'It's Really Hard to Plan for a Future That Is So Uncertain': a DACA Recipient on What's Next

Image via Getty.
Image via Getty.

Last Tuesday, Attorney General Jeff Sessions announced that the United States would “wind down” the Deferred Action for Childhood Arrivals (DACA) program, which allows people who immigrated to the United States as children temporary legal status in the only country they’ve ever known. Currently, around 790,000 people are part of the DACA program.

On this week’s episode of Big Time Dicks (now released on Tuesdays), we spoke with Leezia Dhalla, an immigration reform activist and DACA recipient who moved to the US when she was six years old, and didn’t learn she was undocumented until college. Dhalla’s experience highlights the confusion a hastily made decision like ending the DACA program brings, both on the individual level but also for the nation at large. 


“My family and I moved to Texas from Canada in 1996,” she said. “We came legally on a visa and, because of that, I always grew up having a social security number and, later on, I grew up with a driver’s license. My childhood was pretty all-American. People expect to hear something that’s foreign or they expect to hear about this incredible journey crossing through the border. My experience was nothing like that, right? My family and I came on a plane and I had the most Texas upbringing of any kind. When I think of my childhood I think of brisket and breakfast tacos and I think of Selena, the Tejano star. I spent a lot of time learning how to square dance in elementary school. I played recreational basketball and soccer. I played the cello. I was a girl scout.”

During her junior year at Northwestern University, she says she received a notice to appear in immigration court from the Department of Homeland Security—due to her family’s lawyer filing paperwork late, and a series of other events out of her control, she had fallen out of status.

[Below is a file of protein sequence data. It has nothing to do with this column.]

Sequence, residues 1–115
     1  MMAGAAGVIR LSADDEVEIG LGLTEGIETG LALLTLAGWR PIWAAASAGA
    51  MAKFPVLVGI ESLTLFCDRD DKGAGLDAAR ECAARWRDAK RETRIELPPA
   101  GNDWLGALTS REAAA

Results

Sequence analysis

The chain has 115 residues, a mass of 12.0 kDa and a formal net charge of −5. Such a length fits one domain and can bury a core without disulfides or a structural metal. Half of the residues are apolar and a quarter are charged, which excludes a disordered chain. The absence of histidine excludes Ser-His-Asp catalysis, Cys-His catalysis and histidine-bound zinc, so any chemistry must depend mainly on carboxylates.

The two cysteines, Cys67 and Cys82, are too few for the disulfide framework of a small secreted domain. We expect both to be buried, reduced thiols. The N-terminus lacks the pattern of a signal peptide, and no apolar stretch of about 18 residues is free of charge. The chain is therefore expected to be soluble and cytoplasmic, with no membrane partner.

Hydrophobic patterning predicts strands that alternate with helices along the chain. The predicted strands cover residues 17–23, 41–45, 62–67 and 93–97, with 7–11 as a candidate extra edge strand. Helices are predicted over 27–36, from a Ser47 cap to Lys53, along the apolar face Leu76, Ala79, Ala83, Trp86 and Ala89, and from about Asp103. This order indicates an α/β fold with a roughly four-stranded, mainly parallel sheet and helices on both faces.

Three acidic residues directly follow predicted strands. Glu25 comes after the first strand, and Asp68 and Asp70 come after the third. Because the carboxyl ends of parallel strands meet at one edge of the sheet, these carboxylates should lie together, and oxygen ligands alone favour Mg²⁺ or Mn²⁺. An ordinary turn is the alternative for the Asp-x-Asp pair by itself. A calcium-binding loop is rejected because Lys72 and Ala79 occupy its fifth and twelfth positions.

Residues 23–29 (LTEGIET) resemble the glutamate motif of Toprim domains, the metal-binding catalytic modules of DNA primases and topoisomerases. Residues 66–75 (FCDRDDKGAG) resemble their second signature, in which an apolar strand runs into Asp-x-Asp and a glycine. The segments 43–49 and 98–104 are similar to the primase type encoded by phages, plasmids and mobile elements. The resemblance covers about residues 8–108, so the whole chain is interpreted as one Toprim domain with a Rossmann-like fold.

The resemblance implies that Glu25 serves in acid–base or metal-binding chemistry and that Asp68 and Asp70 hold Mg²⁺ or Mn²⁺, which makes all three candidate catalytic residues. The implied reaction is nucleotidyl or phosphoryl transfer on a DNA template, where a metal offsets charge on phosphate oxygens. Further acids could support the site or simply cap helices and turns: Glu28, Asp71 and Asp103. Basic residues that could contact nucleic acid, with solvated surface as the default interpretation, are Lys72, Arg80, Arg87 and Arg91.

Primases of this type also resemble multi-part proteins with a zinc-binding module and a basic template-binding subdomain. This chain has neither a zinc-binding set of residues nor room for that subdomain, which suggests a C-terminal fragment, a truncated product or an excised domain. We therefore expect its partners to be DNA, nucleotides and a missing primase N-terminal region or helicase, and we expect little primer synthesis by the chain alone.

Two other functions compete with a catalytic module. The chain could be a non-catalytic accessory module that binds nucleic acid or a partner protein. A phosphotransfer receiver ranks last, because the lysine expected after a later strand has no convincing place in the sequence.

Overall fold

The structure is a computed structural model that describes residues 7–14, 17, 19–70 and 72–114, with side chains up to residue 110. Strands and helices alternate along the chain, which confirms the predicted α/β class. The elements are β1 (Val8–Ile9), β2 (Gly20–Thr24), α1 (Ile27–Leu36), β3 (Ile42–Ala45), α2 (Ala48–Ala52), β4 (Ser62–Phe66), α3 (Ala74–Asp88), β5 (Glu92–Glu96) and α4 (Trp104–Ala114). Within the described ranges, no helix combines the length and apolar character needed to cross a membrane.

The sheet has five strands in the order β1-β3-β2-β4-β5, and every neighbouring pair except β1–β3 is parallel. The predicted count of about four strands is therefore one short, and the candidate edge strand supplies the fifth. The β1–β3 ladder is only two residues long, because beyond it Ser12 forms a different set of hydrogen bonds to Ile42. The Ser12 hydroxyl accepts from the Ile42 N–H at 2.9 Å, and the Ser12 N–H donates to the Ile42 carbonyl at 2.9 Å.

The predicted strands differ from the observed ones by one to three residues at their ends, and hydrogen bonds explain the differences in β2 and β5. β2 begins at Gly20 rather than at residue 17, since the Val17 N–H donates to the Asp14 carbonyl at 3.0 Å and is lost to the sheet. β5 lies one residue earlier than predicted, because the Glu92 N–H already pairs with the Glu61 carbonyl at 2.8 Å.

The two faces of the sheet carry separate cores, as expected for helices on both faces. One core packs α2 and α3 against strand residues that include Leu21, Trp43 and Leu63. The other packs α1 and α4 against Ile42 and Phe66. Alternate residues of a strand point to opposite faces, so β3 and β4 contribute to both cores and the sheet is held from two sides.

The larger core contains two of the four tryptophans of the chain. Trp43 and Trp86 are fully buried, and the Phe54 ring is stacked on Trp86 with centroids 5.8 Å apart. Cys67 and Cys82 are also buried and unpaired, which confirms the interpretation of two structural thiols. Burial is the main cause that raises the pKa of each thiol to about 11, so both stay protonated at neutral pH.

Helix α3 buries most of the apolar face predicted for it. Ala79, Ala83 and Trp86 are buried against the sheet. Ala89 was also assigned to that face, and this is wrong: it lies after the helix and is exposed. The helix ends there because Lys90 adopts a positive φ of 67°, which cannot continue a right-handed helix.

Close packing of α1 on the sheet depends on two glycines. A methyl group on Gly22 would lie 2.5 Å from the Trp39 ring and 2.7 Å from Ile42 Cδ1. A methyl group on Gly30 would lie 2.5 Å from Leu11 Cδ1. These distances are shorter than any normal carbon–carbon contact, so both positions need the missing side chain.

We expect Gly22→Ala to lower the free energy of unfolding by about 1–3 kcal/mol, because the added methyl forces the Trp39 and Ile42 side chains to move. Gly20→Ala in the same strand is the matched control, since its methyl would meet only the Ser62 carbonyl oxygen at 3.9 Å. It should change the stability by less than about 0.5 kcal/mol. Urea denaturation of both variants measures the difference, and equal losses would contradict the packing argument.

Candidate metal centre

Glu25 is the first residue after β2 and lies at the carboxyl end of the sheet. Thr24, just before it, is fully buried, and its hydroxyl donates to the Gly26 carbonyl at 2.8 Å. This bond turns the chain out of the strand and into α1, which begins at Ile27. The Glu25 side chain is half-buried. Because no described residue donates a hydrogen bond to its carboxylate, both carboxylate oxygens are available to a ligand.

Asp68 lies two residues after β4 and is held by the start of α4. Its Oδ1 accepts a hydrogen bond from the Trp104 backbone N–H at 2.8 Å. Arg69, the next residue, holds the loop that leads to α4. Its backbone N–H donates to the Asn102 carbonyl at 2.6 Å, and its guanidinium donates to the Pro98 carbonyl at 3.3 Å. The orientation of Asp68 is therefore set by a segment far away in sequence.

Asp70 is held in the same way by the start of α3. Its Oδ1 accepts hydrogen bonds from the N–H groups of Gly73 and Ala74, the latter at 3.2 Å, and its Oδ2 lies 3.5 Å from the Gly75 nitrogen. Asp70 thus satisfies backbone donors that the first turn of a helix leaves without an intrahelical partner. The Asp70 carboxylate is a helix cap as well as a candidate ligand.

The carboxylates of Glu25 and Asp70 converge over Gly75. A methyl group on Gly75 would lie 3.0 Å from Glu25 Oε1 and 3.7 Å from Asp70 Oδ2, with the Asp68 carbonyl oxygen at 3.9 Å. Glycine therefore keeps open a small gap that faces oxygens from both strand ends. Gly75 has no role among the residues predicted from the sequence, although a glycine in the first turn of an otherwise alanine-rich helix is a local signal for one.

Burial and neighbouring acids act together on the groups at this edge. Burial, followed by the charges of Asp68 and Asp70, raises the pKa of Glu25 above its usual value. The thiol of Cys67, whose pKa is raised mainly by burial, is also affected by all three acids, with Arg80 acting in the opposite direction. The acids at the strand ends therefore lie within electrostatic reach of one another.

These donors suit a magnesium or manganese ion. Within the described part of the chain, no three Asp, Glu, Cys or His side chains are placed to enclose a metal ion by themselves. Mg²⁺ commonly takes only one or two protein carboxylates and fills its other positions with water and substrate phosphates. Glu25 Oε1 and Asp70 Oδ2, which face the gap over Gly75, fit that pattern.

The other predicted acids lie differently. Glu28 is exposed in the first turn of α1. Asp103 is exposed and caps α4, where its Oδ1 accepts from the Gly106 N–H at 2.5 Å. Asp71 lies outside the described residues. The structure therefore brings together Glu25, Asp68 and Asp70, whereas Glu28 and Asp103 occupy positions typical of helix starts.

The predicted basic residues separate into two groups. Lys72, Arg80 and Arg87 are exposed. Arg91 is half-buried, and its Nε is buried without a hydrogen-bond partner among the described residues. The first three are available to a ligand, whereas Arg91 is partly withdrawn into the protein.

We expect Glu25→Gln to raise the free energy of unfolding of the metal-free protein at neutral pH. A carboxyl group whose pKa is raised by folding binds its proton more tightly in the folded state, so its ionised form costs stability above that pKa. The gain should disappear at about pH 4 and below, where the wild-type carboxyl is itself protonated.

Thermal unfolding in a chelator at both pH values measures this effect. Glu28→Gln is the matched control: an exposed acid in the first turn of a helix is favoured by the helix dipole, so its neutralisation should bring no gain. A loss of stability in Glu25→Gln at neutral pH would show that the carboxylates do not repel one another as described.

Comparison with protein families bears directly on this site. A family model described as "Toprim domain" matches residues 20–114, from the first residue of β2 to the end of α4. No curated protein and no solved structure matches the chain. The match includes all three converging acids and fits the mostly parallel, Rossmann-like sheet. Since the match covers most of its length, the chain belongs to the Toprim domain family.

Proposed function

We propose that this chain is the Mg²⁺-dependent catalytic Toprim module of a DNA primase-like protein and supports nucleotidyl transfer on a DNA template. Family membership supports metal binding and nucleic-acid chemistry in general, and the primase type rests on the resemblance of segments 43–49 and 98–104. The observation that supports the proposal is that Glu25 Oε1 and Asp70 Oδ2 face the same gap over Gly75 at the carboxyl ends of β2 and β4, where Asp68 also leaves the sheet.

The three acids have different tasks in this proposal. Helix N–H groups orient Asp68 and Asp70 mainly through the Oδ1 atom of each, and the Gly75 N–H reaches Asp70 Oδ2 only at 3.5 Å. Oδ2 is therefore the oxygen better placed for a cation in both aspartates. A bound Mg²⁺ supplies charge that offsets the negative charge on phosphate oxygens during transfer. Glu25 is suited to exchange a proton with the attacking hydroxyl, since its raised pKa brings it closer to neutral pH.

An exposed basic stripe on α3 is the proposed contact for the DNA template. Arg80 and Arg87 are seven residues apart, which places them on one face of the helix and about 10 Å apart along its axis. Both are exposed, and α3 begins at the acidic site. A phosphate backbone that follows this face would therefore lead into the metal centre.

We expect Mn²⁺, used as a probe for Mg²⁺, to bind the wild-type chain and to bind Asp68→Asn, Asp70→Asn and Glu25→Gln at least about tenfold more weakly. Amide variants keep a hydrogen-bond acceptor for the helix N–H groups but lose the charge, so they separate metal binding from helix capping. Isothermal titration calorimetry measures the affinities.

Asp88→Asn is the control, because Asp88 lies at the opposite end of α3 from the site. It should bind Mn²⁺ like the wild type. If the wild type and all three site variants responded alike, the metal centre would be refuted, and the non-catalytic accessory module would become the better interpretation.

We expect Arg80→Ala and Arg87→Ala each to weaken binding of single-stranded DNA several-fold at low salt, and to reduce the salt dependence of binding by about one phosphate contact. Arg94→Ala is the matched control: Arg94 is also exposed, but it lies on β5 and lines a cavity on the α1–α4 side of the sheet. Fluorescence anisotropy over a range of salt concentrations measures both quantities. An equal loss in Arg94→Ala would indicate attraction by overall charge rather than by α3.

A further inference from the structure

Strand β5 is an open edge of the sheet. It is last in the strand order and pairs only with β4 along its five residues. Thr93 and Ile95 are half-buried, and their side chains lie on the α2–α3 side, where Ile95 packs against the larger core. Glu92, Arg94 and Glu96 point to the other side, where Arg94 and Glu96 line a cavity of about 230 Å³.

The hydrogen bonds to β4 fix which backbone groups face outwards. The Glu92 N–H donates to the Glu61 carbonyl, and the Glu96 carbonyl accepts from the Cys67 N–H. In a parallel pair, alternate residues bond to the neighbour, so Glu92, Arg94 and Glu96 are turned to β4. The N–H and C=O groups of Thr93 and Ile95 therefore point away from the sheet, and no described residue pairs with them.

“I spent the next year and a half up until graduation totally terrified,” she said. “I had taken out so much money in student loans—I had never planned to fall out of status, I had never planned to be undocumented. Fortunately, on my college graduation day, about a year and a half after I had found out about my status, the DACA program was announced... Shortly after graduation I was able to get a work permit and, because of that, my life changed dramatically. I was able to get a full-time job and pay off my student loans; I was able to buy a home; I bought a car. I was able to eventually move from Texas to Washington DC, where I work today for an immigrant advocacy organization.”

Dhalla also stressed that the six months Congress was given to come up with a replacement is woefully lacking, and will result in many recipients falling out of status.

“Essentially what the announcement was, is that anyone who has a work permit that expires on or before March 5, 2018 has the ability to apply for a renewal, but they must submit their renewal applications within the next 30 days. Unfortunately my DACA expires on May 5th, so I’m kind of out of luck. There’s no way for me to renew or extend my DACA status, so what will happen is on May 6th, I will become a priority for deportation and I will no longer have the ability to work in the United States.”

“When you pass a piece of legislation, you have to think through time to implement it,” she continued. “For example, one of the big pieces of legislation that could allow Dreamers to continue contributing here permanently is the DREAM Act... [which says] basically if Dreamers go through an application process including a background check, if they pay a fine, then they would get a temporary form of protected status and then ultimately 13 years down the line they would be able to become full US citizens. When the DREAM Act is passed there needs to be time to implement it, meaning the Department of Homeland Security has to create an application, Dreamers have to hire an attorney, Dreamers have to collect all the paperwork, they have to file for their permanent residency, and then they have to wait for the Department of Homeland Security to notify them of acceptance and that is a months-long process in and of itself. So if Congress doesn’t both pass the DREAM Act and roll out full implementation of that program by March 6th, people will start to fall out of status.”